The Hong Kong Diploma of Secondary Education examination is administered by the Hong Kong Examinations and Assessment Authority. Most candidates take four core subjects - Chinese and English languages, mathematics and liberal studies - and two or three elective subjects. Results are divided into five levels, with 5 being the highest. A Level 5 with the best performance will be awarded a 5**.
Top scorers shy away from Occupy Central
Most either oppose the democracy movement or say they've been too busy to find out about it
Most of the nine top performers in this year's secondary education examination oppose or do not know much about the Occupy Central movement.
"I won't participate in Occupy Central because I heard from my friends that this movement is illegal," said Angel Tsui Yan-kei, 18, the top scorer at Good Hope School. She scored straight 5** for her seven subjects.
"I don't want to be involved in something I don't entirely understand."
The organisers of the Occupy Central movement are planning to hold a mass rally in Central next July 1 to bring the area to a standstill, but details of the civil disobedience protest are still under discussion.
"I hope we can have universal suffrage, but any activity that will disrupt Hong Kong's economic activities is unacceptable," said Tsang Ka-hing, 18, from Queen's College. He obtained the school's highest score in his seven subjects. "I don't think I will participate in Occupy Central, because I'll be busy with my schoolwork by then."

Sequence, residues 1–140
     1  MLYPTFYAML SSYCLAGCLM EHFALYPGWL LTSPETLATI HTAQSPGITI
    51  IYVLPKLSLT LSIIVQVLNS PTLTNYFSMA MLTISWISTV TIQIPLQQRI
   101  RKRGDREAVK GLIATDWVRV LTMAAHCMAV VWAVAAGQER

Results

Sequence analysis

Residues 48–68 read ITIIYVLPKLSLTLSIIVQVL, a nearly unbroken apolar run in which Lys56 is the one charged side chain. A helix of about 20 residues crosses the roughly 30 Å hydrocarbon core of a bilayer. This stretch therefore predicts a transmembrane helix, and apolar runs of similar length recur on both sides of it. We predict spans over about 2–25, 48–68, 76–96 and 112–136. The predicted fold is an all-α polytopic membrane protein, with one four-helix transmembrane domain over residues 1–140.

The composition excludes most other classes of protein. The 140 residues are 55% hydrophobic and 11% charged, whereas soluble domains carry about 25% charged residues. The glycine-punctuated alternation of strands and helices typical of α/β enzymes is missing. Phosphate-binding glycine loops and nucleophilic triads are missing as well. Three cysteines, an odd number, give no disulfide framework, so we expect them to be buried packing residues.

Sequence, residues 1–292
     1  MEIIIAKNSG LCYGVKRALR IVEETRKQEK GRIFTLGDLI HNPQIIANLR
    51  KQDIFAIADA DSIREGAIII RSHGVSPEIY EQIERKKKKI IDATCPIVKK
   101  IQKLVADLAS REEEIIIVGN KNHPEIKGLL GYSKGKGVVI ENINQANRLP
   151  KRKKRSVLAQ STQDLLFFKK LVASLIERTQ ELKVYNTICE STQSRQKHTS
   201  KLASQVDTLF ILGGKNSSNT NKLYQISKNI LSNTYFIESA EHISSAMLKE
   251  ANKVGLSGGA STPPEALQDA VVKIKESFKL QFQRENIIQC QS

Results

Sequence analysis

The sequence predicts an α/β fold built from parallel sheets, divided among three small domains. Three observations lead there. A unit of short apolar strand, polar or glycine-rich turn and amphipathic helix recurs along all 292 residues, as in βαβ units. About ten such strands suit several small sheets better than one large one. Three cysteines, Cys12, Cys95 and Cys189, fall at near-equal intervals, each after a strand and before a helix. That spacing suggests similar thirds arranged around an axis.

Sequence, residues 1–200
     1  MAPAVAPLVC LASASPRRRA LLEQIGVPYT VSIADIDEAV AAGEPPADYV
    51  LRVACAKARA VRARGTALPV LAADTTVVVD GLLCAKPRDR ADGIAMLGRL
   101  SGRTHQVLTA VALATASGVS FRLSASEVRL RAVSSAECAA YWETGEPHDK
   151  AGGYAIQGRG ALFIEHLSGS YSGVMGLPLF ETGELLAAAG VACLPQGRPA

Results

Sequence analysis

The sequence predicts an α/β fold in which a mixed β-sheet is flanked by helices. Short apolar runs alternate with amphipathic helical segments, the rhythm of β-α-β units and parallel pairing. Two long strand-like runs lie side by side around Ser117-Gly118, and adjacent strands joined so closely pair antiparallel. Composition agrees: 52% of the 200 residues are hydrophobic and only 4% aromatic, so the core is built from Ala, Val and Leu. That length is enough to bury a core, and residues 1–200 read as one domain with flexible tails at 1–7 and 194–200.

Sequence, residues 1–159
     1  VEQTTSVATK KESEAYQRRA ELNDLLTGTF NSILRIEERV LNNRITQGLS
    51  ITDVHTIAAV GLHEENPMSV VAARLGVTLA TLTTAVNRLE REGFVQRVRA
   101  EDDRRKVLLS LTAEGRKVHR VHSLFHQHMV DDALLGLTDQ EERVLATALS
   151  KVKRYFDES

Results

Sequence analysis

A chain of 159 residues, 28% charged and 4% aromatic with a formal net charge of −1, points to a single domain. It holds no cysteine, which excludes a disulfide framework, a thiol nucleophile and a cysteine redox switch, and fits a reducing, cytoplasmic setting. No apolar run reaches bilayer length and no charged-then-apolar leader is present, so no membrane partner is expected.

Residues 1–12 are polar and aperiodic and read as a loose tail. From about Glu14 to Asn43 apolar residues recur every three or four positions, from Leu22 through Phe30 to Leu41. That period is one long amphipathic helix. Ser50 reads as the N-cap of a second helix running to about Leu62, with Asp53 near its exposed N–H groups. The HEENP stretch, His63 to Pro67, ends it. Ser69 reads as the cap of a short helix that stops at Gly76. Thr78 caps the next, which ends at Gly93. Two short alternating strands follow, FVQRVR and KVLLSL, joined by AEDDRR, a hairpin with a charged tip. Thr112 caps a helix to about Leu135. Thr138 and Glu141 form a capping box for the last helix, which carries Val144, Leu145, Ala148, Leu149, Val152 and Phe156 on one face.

Four other top scorers from different schools were unwilling to comment on the topic, saying they did not understand the event. One confirmed they would not participate in the protest.
Occupy Central organiser Chan Kin-man said he was not surprised by such responses from the top scorers, believing they would not have had time to focus on political events while preparing for the examination.
"The idea [of Occupy Central] was raised when the exam took place. Schools wouldn't have discussed it much," said Chan.
"I think many schools wouldn't dare to discuss it much in the current political climate and with pressures from different parties."
He said schools had the responsibility to let students know about the movement and the concepts behind it such as democracy and civil disobedience.
Terry Tsz Cho-ho, the top scorer at the Federation of Youth Groups Lee Shau Kee College, said he supported Occupy Central but was not sure whether he could take part amid a busy study schedule.
"I can't understand why the government doesn't listen to the people," said Tsz, who marched on July 1 last year, calling for universal suffrage. "I'm surprised the government hasn't collapsed given all the dissatisfaction with its performance."
Erica Wong Nga-yee, 17, Ying Wa Girls' School's top scorer, said she admired the Occupy Central organisers.
"I very much appreciate that there's a group of people with their own principles and goals," she said. "They're not paid … and have a high risk of losing their jobs, but still they are out fearlessly fighting for something."
Wong took part in student group Scholarism's protest last year against the introduction of the highly criticised and now shelved national education subject.